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the original detector. Self-training has been used in [23]. Samples confidently classified by the detector are used to retrain the detector. Since the detector itself is the labeler and not reliable, the selected samples are not informative and are likely to have wrong labels, which make the detector drift. Nair and Clark [29] have used background subtraction results to label training samples for an appearance-based pedestrian detector. The accuracy of the background subtraction labeler is low and it introduces biased labeling which misleads the learning of the detector. For example, static pedestrians may be labeled as nonpedestrian samples. It is unlikely for pedestrians with clothes of similar color to the background to be labeled as pedestrian samples. To make the automatic labeler reliable, Wang and Wang [26] have integrated multiple cues of motions, path models, locations, sizes and appearance to select confident positive and negative samples from the target scene. Some automatic labelers are designed under the cotraining framework [22], [24], [30], [31]. Two detectors based on different types of features are trained iteratively. The prediction of one detector on unlabeled samples is used to enlarge the training set of the other. Levin et al. [22] have built two car detectors using gray images and background subtracted images. Javed et al. [30] have used Haar features and PCA global features to classify blobs into pedestrians, vehicles, and background. They all require manually labeling a small training set from the target scene for initialization. In order for co-training to be effective, the two detectors need to be independent, which is difficult. Dalal et al. [32] have shown that the appearance-based and motion-based pedestrian detectors are highly correlated. Besides our early work [26], only motion has been used as the context cue and the visual structures of samples from the same target scene have not been considered. In these approaches discussed above, target samples are selected by hard-thresholding confidence scores obtained from the appearance-based detectors or context cues. Hard-thresholding is unreliable and discards useful information. An aggressive threshold makes the detector drift, while a conservative threshold makes the training inefficient and results in many rounds of retraining to converge. Transfer learning provides a principled way to solve domain adaptation problems. It has been successfully applied to object recognition [33], scene categorization [34], action recognition [35], retrieval [36], [37], and visual concept classification [38]. In cross-domain SVM [39] and TrAdaBoost [40], samples in the source data set and the target data set are reweighted differently. Wu and Srihari [41] have introduced a weighted soft margin SVM to incorporate prior knowledge in the training process. Pang et al. [28] have proposed a transfer learning approach to adapt weights of weak classifiers learned from a source data set to a target data set to handle the variation of viewpoints. It assumes that some samples in the target set are manually labeled and does not consider context cues. When cameras are stationary, the distributions of negative samples are region-specific. Roth et al. [25], [31] have trained a separate detector for each local region. Stalder and Grabner [42] have used tracking and manually input scene geometry to assist labeling. Ali et al. [43] have proposed FlowBoost to learn a scene-specific detector from a sparsely labeled training video assisted by tracking,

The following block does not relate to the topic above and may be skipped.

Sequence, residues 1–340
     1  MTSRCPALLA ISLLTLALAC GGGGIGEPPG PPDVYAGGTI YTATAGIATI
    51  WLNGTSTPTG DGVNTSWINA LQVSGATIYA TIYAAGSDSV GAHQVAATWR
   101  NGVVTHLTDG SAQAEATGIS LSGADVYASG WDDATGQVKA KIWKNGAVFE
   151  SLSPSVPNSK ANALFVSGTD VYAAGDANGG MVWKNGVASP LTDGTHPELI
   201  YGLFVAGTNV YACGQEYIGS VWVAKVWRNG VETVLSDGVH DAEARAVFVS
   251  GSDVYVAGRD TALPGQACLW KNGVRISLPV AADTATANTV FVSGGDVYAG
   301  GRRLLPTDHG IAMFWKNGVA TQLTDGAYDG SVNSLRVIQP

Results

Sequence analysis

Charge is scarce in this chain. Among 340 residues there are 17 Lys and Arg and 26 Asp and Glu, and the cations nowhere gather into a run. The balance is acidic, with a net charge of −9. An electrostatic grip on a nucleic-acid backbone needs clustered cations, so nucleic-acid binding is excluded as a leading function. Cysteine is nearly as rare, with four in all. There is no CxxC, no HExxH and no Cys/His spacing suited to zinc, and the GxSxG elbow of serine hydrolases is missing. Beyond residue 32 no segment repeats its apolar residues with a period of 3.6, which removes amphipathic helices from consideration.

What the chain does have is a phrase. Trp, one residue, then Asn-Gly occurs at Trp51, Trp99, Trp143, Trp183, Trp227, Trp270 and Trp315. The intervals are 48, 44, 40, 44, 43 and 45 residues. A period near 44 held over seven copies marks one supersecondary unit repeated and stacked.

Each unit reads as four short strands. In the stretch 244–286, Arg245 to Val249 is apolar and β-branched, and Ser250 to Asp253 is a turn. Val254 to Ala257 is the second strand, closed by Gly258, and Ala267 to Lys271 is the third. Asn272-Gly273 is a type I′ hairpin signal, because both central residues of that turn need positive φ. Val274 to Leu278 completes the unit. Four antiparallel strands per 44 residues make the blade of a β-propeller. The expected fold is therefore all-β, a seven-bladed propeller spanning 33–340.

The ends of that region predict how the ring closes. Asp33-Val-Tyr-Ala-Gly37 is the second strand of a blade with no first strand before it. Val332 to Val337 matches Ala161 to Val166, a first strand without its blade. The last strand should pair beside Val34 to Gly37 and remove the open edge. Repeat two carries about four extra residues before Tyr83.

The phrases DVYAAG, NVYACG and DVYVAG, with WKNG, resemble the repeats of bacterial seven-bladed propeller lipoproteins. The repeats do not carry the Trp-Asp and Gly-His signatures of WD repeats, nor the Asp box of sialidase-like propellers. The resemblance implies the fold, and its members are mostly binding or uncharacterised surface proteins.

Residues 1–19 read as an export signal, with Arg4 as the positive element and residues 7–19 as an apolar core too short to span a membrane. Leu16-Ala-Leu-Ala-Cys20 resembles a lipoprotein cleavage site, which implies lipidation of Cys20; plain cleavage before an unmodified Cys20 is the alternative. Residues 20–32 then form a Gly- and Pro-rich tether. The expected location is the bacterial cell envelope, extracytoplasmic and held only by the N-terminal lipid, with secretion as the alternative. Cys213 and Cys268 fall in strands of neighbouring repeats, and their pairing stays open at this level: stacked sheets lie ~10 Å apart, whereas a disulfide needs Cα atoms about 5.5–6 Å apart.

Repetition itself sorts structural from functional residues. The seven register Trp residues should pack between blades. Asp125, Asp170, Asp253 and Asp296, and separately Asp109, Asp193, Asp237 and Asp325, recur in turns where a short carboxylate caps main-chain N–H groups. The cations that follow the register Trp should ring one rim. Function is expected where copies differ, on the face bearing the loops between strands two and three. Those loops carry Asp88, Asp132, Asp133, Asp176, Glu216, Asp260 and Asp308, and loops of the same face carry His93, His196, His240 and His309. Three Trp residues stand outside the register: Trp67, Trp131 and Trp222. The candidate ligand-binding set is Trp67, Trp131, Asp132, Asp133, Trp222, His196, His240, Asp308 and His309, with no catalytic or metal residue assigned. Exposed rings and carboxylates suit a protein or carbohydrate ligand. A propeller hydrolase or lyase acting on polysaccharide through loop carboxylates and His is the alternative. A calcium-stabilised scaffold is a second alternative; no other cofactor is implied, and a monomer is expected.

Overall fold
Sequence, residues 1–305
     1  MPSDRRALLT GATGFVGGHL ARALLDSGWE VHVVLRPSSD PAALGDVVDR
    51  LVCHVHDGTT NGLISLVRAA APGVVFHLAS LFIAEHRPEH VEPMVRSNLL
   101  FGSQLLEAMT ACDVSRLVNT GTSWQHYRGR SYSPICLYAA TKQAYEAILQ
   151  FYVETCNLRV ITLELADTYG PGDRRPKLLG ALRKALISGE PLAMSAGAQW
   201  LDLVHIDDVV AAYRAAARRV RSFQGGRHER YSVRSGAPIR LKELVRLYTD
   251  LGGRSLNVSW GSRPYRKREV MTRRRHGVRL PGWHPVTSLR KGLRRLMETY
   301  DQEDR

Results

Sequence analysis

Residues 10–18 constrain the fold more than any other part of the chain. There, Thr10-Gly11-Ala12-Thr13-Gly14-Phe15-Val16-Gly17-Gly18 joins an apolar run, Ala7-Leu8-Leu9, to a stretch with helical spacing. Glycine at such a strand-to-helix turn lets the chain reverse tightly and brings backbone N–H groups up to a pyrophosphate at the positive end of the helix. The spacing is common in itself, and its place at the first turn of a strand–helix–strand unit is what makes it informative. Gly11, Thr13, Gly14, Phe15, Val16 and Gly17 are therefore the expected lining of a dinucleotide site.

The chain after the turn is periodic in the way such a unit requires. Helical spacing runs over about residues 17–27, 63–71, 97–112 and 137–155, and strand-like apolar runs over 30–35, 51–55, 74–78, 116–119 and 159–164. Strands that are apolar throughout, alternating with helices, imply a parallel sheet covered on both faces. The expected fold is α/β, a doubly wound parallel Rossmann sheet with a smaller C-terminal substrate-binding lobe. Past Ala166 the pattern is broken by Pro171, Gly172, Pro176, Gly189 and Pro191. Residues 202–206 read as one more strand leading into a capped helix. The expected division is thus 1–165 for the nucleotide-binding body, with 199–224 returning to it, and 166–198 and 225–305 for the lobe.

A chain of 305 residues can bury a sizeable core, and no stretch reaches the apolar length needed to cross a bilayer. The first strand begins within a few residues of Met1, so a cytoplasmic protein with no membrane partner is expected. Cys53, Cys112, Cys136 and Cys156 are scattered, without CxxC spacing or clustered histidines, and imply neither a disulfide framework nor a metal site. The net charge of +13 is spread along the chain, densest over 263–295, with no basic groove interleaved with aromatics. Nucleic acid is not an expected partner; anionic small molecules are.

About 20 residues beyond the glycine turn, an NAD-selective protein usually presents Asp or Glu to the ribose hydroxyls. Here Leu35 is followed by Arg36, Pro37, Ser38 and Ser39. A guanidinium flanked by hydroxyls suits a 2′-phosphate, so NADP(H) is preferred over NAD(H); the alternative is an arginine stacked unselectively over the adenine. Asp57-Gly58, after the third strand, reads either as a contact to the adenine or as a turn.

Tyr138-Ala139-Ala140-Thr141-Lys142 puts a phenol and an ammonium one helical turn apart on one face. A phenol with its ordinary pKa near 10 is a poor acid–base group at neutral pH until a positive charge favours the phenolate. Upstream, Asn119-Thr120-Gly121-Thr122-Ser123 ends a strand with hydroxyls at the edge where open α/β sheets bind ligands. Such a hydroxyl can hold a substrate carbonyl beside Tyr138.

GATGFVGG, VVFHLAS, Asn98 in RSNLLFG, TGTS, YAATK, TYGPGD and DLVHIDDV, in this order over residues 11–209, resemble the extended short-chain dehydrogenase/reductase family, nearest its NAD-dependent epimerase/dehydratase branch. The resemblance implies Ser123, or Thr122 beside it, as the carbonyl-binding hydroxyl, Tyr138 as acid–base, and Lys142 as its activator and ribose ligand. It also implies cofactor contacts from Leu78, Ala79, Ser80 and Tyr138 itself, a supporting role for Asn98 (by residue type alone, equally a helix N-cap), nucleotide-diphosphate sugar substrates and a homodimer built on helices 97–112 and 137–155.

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Fig. 2. Diagram of the proposed transfer learning framework. It has three modules: (a) detecting and selecting samples from the target scene, (b) labeling target samples and estimating their initial confidence scores with context cues, and (c) training the scene-specific detectors. Please see the detailed descriptions in Section 1.2.

when small labeling effort is allowed. Without retraining the detector, Jain and Learned-Miller [44] have adapted a generic detector to a new test domain using label propagation.

1.2 Motivations and Contributions Our motivations can be explained from three aspects: 1.

2.